The next three sessions were somewhat different from the rest and an actual connection between them could not be established right away. A deeper look revealed that the intended URL was loaded via Cross Origin Resource Sharing (CORS).

Cross-origin resource sharing (CORS) is a mechanism that allows restricted resources (e.g. fonts, JavaScript, etc.) on a web page to be requested from another domain outside the domain from which the resource originated. Wikipedia


Content is retrieved from the adk2.com ad network via the Access-Control-Allow-Origin request.

This takes us to the actual malvertising brought by youradexchange.com:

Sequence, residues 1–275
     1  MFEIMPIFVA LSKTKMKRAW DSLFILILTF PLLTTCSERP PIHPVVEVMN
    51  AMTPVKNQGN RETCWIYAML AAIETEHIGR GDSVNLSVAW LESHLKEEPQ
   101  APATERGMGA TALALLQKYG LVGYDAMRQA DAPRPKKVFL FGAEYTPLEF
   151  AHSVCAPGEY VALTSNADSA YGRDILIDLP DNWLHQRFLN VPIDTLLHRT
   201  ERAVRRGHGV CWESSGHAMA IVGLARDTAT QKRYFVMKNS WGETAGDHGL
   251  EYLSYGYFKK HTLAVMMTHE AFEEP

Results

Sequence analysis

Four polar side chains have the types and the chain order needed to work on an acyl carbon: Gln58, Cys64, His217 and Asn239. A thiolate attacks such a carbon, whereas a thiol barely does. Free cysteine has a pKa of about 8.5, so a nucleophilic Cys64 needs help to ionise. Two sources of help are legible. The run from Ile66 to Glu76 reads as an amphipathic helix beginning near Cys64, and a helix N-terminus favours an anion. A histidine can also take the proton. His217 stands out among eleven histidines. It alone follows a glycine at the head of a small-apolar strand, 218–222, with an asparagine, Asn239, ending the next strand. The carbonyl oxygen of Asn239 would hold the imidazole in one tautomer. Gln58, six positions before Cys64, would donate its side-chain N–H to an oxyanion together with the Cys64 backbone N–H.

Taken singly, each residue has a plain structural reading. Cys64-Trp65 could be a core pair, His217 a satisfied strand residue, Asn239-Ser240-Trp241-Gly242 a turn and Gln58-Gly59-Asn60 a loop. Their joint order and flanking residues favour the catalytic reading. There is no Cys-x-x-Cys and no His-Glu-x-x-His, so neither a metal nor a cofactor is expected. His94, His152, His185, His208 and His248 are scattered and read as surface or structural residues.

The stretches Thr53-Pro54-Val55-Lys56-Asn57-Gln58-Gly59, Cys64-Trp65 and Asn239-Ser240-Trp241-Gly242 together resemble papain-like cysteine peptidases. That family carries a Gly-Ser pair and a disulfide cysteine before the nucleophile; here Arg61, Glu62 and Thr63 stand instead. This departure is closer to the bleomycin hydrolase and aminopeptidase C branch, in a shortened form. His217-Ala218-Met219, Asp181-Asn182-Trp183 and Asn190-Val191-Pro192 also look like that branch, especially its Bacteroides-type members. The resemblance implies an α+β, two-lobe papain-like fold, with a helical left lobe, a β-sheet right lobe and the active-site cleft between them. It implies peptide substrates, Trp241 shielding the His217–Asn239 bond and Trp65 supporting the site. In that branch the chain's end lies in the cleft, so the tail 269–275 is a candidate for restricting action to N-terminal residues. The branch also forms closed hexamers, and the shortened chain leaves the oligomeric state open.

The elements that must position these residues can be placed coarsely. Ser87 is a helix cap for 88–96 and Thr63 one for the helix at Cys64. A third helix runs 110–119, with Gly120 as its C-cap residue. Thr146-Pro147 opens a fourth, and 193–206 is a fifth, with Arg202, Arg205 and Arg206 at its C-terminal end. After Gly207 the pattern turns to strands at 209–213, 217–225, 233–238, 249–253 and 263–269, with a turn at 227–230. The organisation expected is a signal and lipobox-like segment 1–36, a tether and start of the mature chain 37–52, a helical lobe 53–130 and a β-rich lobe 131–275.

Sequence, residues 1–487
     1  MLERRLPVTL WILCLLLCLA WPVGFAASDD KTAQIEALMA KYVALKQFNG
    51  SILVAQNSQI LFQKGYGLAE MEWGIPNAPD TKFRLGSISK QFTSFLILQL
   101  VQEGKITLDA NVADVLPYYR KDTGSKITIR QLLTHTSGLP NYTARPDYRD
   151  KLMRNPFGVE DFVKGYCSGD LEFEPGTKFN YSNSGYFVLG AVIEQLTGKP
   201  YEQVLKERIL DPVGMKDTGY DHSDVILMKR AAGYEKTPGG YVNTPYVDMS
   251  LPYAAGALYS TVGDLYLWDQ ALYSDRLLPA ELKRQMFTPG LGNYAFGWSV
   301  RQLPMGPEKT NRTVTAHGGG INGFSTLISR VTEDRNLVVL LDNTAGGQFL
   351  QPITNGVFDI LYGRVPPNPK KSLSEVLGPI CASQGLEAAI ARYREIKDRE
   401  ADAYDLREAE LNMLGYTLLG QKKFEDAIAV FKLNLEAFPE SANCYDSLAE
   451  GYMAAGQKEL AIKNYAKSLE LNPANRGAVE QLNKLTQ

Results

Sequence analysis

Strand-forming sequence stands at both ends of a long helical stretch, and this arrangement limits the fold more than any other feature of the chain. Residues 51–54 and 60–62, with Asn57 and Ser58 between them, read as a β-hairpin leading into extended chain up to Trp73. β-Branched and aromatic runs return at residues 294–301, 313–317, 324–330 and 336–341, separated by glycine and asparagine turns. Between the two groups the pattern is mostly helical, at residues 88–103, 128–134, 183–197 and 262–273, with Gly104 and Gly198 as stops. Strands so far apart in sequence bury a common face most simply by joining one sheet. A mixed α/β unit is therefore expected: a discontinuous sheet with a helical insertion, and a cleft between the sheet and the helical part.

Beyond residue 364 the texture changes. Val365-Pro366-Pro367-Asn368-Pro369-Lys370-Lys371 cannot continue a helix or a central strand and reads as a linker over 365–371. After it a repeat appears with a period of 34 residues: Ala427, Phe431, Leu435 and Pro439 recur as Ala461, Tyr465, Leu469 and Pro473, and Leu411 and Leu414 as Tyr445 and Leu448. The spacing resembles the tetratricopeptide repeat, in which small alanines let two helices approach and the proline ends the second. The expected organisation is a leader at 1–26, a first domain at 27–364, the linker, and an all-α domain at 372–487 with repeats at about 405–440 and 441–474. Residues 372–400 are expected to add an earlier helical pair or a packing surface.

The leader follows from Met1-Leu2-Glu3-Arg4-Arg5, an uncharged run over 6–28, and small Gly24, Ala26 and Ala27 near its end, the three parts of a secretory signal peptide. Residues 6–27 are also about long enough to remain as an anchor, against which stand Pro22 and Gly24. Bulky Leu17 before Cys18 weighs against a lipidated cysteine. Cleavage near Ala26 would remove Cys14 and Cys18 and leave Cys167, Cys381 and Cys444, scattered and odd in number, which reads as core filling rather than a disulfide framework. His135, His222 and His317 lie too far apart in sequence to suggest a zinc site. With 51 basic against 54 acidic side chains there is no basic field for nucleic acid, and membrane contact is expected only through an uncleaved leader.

The inserted URL may look benign and it is indeed a genuine Joomla website but it has one caveat: It has been compromised and is used as the gate to the exploit kit.


Exploit kit

The exploit kit pushed here looked different than what we are used to seeing (Angler EK, Fiesta EK, Magnitude EK, etc.). After some analysis and comparisons, we believe it is the HanJuan EK.

We have talked about HanJuan EK only very few times before because little is known about it. What we once described as the Unknown exploit kit, was in fact HanJuan and it has been extremely stealthy and evasive ever since.

And yet, here we found HanJuan EK hosted on a compromised website and with an easy way to trigger it on demand.


The landing page is divided into two main parts:

  • Code to launch a Flash exploit
  • Code to launch an Internet Explorer exploit

The filename for the Flash exploit is randomly generated each time using close patterns to the original HanJuan we’ve observed before.